“There is no history of enacting constitutional amendments for the purpose of restricting individual freedoms. [These proposed amendments against gay people] stand in stark contrast to the amendments that have been adopted in the spirit of freedom and liberty. As James Madison explained, constitutional amendments are reserved ‘for certain great and extraordinary occasions.’ Amending [a state or federal] Constitution to strip civil rights away from any group of persons is not such an occasion.”

…The issue of same sex marriage is a matter of conscience — a matter of religious or moral perspective. It should be worked out within one’s conscience, within one’s faith, and within one’s own heart and faith community. The North Carolina legislature is not the modern day Council of Nicaea — and we should not want it to be. Public policy, not personal morality, is what we ought to address in the legislature. How should the government address the public policy challenges of abject poverty, unemployment, poor education, economic justice, caring for those without health care, and equal protection under law? These are the questions that the legislature should be addressing.

It leaves ENC and the LGBT community a mighty task, but not an insurmountable one —  the campaign to defeat this has to step outside of comfort zones to change hearts and minds with facts in a demographic that is not seeing this amendment for what it is. At a press conference leading up to the vote to place the amendment on the ballot, ENC had members of the faith community speak in opposition. We will need to have more of this visiblity to close the gap.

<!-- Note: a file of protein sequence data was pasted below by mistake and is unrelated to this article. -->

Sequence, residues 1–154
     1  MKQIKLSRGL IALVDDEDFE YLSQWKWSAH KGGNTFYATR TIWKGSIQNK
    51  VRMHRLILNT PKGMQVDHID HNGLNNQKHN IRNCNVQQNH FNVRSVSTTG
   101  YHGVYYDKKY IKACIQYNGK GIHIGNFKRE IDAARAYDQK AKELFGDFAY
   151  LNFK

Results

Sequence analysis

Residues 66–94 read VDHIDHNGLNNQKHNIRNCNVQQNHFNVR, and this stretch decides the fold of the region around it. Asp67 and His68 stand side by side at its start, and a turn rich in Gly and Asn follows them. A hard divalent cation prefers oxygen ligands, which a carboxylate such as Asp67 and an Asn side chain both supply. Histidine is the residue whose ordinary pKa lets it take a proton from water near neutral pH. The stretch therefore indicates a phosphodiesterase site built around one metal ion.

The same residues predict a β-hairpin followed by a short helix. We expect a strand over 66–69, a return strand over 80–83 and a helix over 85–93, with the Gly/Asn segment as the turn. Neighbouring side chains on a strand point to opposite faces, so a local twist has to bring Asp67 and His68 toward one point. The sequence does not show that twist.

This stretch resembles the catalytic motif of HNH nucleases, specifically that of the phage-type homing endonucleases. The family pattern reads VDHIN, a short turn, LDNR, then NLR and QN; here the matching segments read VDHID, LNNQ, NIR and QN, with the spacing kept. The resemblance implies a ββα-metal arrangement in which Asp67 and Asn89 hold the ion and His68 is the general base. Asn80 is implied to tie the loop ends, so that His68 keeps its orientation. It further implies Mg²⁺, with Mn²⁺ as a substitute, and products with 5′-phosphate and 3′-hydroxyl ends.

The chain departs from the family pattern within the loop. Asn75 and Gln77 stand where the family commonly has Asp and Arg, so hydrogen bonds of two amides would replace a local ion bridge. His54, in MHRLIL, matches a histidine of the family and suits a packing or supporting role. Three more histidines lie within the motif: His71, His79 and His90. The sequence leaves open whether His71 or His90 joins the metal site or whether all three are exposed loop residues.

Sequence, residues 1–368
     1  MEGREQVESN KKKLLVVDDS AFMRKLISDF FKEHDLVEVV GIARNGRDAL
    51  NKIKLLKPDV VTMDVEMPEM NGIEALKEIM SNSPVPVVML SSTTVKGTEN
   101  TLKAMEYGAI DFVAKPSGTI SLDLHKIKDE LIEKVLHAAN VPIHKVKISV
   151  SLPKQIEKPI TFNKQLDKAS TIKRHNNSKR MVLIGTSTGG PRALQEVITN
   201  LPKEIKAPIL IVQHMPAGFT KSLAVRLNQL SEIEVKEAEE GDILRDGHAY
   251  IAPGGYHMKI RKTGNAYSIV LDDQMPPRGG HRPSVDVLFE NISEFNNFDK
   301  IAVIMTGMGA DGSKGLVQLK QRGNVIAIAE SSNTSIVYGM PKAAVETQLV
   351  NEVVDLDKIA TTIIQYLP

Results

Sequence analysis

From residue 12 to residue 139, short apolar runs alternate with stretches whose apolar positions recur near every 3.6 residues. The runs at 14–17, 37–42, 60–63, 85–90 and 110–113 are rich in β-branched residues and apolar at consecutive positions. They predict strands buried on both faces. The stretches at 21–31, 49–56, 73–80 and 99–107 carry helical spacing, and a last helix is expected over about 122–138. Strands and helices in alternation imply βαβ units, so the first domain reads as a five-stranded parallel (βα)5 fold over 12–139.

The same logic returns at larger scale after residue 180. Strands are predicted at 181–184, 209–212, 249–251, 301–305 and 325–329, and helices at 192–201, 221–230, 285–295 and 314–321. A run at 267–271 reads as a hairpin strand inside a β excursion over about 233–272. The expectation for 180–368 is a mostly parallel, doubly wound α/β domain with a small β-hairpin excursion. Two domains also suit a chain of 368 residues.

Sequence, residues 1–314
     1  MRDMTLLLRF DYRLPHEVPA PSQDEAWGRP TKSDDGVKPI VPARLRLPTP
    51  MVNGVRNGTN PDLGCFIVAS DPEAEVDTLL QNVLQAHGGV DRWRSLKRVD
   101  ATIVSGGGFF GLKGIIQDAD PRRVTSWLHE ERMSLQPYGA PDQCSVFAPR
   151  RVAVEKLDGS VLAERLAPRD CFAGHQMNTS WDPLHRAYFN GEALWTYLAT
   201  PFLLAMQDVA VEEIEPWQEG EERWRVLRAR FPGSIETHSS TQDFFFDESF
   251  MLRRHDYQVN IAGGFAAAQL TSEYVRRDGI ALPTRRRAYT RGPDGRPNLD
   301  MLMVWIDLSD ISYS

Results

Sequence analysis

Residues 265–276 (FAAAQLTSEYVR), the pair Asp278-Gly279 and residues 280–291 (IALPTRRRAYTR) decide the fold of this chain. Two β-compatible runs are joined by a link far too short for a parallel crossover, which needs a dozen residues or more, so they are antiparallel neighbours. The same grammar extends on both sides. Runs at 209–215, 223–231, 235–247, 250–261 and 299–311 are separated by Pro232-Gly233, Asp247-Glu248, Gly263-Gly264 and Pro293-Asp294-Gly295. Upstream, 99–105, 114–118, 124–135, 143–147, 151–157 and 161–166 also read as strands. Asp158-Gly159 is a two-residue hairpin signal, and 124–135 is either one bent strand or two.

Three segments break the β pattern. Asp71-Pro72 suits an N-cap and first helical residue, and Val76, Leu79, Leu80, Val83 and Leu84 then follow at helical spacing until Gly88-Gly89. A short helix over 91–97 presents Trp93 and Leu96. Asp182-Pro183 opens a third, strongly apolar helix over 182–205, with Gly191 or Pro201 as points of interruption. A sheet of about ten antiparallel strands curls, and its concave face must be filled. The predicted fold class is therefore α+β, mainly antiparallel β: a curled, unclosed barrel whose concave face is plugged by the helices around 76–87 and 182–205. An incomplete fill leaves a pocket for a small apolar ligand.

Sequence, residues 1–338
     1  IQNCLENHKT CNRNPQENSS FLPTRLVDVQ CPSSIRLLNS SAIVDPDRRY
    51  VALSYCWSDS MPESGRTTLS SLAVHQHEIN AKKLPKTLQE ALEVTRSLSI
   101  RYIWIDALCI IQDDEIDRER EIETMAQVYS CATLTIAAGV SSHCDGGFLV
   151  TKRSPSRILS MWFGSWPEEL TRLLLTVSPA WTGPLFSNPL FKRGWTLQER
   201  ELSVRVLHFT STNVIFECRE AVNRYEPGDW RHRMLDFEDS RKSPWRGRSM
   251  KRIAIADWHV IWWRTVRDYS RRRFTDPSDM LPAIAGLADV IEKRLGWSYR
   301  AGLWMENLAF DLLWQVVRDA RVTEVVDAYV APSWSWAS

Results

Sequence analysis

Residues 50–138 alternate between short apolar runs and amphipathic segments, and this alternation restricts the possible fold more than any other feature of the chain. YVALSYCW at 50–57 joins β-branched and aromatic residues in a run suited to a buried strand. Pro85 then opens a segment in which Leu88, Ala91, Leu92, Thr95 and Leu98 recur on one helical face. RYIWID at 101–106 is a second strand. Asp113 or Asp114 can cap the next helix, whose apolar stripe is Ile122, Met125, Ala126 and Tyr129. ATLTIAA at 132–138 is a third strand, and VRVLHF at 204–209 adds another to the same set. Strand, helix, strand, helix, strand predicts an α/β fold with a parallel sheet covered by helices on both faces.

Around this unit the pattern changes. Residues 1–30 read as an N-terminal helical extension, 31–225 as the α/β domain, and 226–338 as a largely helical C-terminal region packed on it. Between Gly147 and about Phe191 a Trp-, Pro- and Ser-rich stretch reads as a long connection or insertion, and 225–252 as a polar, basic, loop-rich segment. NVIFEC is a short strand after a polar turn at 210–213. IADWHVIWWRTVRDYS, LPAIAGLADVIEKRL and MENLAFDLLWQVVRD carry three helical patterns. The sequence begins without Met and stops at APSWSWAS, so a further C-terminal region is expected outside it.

Rev. Dr. T Anthony Spearman, pastor of the ?Clinton Tabernacle AME Zion Church in Hickory, NC, stands with other statewide clergy from all denominations at the North Carolina General Assembly in opposition of the state’s proposed anti-LGBT amendment.

It’s fitting that EqualityNC will honor Rep. Marcus Brandon, D-Guilford, the second openly gay lawmaker elected in North Carolina history, with its 2011 Legislative Leadership Award to be presented at this year’s Equality Gala on Saturday, November 12. ENC noted:

Marcus was frequently in the spotlight this year in the days leading up to the House and Senate votes on the now infamous anti-LGBT amendment. In May, when he hosted a press conference featuring a room full of faith leaders opposed to the amendment, he memorably said of the anti-LGBT/pro-amendment rally being held concurrently outside of the legislature, “The Bible has been used in this nation to support slavery, segregation, laws against interracial marriage, and to deny women’s rights. Jesus was a compassionate person. And Jesus would not be having a rally outside right now.”

Rep. Brandon had to take verbal abuse by the homophobic preachers that showed up to boost the amendment. As I said at the time:

Marcus Brandon has a level of diplomacy toward his peers in the NC General Assembly that I could never muster on an issue like this, where those supporting a marriage amendment in our state have shown the general public and the press nothing but obfuscation, cowardly actions to slip in a vote under the radar, and holding town hall meetings that continue to conflate church and state. I can’t respect that kind of politically dishonest jiu-jitsu. Then again, that’s why I’ll never hold public office, lol.